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Wind turbine for Haverhill fails at appeal  

Credit:  By Laura Smith | Haverhill Echo | 29 September 2015 | www.haverhillecho.co.uk ~~

A controversial planning application for a wind turbine near Haverhill’s Ladygate Wood has lost at appeal – because it did not have the support of local people.

St Edmundsbury Borough Council’s Development Control Committee first considered the application for a 78 metre high wind turbine at Nesterfield End in January 2014 and refused it the following month based on harm to landscape character and visual amenity.

Engena Limited appealed the council’s decision on behalf of applicant James Sills and on Monday planning inspector Ron Boyd gave his decision – that the appeal had failed.

He said the proposal would impact the living conditions of people in properties within 1km of the site who would have ‘significantly changed outlooks’ and was contrary to Government planning policy in not having the backing of the ‘affected local community’.

In his conclusion, Mr Boyd stated: “Notwithstanding that the benefits of the proposal, which I have identified above, also attract substantial weight, I conclude that the combined hams of the proposal would be such as to significantly outweigh those benefits.”

The town council, surrounding parish councils, local councillors and residents were among those who objected to the proposal.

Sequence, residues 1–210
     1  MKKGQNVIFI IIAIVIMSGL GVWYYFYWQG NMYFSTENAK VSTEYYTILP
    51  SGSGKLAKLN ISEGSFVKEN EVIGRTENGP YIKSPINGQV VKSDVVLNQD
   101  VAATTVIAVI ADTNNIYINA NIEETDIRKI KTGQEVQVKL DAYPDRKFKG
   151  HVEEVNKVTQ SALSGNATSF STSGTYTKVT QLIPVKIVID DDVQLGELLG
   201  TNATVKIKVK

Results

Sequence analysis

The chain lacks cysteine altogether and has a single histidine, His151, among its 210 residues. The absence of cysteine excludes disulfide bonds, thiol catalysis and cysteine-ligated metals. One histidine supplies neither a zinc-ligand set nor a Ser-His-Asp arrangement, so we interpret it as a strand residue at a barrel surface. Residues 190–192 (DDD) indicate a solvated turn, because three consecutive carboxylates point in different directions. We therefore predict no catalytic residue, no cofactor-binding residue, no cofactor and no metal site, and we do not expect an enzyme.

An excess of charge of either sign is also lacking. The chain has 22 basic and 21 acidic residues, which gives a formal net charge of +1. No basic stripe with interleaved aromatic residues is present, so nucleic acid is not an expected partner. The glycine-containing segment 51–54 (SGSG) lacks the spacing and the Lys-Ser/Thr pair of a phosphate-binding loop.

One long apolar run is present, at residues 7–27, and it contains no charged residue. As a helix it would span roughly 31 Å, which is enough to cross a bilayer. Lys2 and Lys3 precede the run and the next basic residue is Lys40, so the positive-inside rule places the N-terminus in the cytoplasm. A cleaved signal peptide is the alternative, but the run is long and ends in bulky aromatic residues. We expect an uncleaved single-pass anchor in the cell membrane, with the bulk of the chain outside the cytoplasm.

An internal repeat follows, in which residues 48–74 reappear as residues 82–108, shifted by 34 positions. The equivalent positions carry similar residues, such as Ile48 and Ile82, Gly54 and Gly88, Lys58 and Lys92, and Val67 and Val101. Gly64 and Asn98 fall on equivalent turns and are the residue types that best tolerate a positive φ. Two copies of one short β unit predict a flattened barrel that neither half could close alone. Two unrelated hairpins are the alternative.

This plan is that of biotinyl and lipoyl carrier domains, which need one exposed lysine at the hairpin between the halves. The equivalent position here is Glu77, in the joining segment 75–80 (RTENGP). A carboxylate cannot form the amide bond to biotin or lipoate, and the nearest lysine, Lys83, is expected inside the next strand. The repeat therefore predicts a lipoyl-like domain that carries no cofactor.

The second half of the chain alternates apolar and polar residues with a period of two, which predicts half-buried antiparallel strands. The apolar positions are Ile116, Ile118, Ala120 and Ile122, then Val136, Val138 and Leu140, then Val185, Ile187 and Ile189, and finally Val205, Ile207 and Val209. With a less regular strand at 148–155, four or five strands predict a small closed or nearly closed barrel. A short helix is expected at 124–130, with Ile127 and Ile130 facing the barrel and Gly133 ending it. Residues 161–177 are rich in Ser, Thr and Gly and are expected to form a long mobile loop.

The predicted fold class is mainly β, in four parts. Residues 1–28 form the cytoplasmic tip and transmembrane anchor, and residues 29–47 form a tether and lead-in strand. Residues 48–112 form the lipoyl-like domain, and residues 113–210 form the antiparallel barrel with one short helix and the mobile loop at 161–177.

A spokeswoman for the borough council said: “Key to the planning inspector’s ruling to uphold the planning committee’s decision refusal was this lack of support of the local community.

“Government guidance, published in June, sets out new considerations for wind turbine development, which can now only be approved if the land is designated for the use and if the application is supported by the local community. It was evidently not in this case.”

John Fairlie, director of Engena, said: “We are, naturally, very disappointed with the appeal decision. Unfortunately, neither my client or I can provide any comments at this stage until we have fully reviewed the inspectors report.”

Only the High Court has the power to quash the planning inspector’s decision.

Source:  By Laura Smith | Haverhill Echo | 29 September 2015 | www.haverhillecho.co.uk

This article is the work of the source indicated. Any opinions expressed in it are not necessarily those of National Wind Watch.

The copyright of this article resides with the author or publisher indicated. As part of its noncommercial effort to present the environmental, social, scientific, and economic issues of large-scale wind power development to a global audience seeking such information, National Wind Watch endeavors to observe “fair use” as provided for in section 107 of U.S. Copyright Law and similar “fair dealing” provisions of the copyright laws of other nations. Send requests to excerpt, general inquiries, and comments via e-mail.

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